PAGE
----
Aaron Landsman makes live performances and other events, which exist at the intersection of art and community organizing. His work includes site-specific productions in the kinds of places where people perform their lives: homes, offices, buses and meeting rooms, as well as more traditionally staged works. His recent projects have been presented in New York at Abrons Art Center, The Chocolate Factory Theater, and HERE Art Center. From 2012-14 his participatory theater work City Council Meeting, created with Mallory Catlett and Jim Findlay, was presented in Houston, Tempe, New York, San Francisco and Keene, NH.

He is currently in year two of a 20-year art and activism project about gentrification called Perfect City, making a new theatrical work with a group of Serbian collaborators, called Language Reversal, about translation and oligarchy, and developing the Squares a theater piece derived from a series of found 1970s snapshots. Landsman is a 2017-18 Guggenheim Fellow in Theater, a former Arts Fellow and current Visiting Associate Professor at Princeton. His work has been funded by NPN, NEFA’s National Theater Project, MAP and Jerome, among others. He co-created and teaches the Creative Capital Professional Development Program’s core weekend and daylong workshops. Follow him on Twitter and Instagram.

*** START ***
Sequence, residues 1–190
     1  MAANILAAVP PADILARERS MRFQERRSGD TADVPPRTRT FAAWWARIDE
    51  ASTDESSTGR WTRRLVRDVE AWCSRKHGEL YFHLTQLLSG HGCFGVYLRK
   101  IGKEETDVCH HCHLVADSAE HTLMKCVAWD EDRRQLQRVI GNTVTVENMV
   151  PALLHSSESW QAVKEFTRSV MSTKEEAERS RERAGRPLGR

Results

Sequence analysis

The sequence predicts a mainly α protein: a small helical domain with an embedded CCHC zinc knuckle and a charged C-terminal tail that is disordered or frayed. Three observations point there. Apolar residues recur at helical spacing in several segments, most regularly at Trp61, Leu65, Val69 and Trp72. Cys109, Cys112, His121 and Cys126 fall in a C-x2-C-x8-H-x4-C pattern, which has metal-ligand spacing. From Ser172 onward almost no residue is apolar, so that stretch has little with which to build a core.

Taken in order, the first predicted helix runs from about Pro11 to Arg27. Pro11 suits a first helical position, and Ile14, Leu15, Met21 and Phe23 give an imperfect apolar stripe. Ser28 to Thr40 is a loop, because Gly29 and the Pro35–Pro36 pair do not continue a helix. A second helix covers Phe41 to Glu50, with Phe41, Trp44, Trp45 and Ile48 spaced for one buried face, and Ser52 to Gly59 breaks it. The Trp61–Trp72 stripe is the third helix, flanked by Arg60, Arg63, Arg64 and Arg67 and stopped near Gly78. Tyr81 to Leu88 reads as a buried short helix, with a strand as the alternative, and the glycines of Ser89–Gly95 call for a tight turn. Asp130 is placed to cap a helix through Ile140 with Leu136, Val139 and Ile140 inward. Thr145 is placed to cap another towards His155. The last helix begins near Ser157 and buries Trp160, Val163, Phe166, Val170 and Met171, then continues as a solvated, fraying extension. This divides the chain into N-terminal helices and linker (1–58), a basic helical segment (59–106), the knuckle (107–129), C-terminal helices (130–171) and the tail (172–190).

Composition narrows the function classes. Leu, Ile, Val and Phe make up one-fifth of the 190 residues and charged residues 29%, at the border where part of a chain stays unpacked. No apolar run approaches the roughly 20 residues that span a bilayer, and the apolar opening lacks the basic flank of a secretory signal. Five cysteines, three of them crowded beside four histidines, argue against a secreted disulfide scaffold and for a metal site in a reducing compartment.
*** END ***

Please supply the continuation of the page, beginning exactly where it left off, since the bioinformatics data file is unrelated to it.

Caroline Woolard is a New York-based artist born in Rhode Island. Woolard creates sculptures using online networks, hand built objects, and immersive environments. Her work has been commissioned by MoMA, the Whitney Museum, the Metropolitan Museum of Art, Creative Time, the Brooklyn Museum, Cornell University, and Cooper Union. Woolard’s work has been celebrated by the National Endowment for the Arts, where she delivered the 50th Anniversary keynote (2017) and in New York Close Up, the PBS / Art21 documentary series (2017). Solo exhibitions include Imperial Forms, LMAK gallery, New York, NY (2018), and Carried on Both Sides, Lesley Heller Workspace, New York, NY (2018). Group exhibitions include Crossing Brooklyn, Brooklyn Museum, Brooklyn, NY (2014), and Living as Form, Creative Time, New York, NY (2011).

Woolard’s work has been supported by residencies at NEWINC, New York, NY (2017); Lower Manhattan Cultural Council (LMCC) Workspace, New York, NY (2016);  MoMA, New York, NY (2014); Queens Museum, Queens, NY, (2014); and Watermill, Water Mill, NY (2011) and through fellowships at Eyebeam, Brooklyn, NY (2013); and the MacDowell Colony, Peterborough, NH (2009). Caroline Woolard is an Assistant Professor of Sculpture at the University of Hartford and a mentor in MFA Fine Arts at the School of Visual Arts. Recent scholarly writing on her work has been published in The Brooklyn Rail (2018); Artforum (2016); Art in America (2016); The New York Times (2016); and South Atlantic Quarterly (2015). Woolard’s work has been featured twice in PBS / Art21 for New York Close Up (2014, 2016). Woolard holds a BFA from Cooper Union (Sculpture, 2007) and is a recipient of the Rockefeller Cultural Innovation Fund (OurGoods, 2010-2012), the Antipode Scholar-Activist Project Award (Community Economies Collective, 2016), and the Theo Westenberger Estate Fund (2015). Woolard has been named one of 11 Artists to Transform the Art World (2017), has been listed in the WIRED Smart List (2013), ArtNet's Top 20 Female Artists (2015), and in the Top 100 Women for the Commons by the Peer to Peer Foundation (2014).